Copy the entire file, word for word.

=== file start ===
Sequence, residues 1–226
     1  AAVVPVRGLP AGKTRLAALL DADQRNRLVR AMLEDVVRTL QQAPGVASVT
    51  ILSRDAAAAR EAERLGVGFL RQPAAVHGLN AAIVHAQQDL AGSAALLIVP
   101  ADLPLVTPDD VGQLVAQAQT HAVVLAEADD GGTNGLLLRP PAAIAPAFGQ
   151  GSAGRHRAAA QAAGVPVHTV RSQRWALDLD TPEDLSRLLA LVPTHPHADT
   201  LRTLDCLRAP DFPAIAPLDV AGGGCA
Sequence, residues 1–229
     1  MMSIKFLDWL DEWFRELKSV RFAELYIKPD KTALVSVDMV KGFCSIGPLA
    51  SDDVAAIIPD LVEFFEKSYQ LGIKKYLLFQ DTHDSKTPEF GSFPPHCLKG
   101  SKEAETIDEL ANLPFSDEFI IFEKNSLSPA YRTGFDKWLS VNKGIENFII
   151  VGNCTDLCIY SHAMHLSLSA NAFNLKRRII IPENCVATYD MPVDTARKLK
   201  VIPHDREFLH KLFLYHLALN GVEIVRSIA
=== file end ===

Sequence, residues 1–226
     1  AAVVPVRGLP AGKTRLAALL DADQRNRLVR AMLEDVVRTL QQAPGVASVT
    51  ILSRDAAAAR EAERLGVGFL RQPAAVHGLN AAIVHAQQDL AGSAALLIVP
   101  ADLPLVTPDD VGQLVAQAQT HAVVLAEADD GGTNGLLLRP PAAIAPAFGQ
   151  GSAGRHRAAA QAAGVPVHTV RSQRWALDLD TPEDLSRLLA LVPTHPHADT
   201  LRTLDCLRAP DFPAIAPLDV AGGGCA
Sequence, residues 1–229
     1  MMSIKFLDWL DEWFRELKSV RFAELYIKPD KTALVSVDMV KGFCSIGPLA
    51  SDDVAAIIPD LVEFFEKSYQ LGIKKYLLFQ DTHDSKTPEF GSFPPHCLKG
   101  SKEAETIDEL ANLPFSDEFI IFEKNSLSPA YRTGFDKWLS VNKGIENFII
   151  VGNCTDLCIY SHAMHLSLSA NAFNLKRRII IPENCVATYD MPVDTARKLK
   201  VIPHDREFLH KLFLYHLALN GVEIVRSIA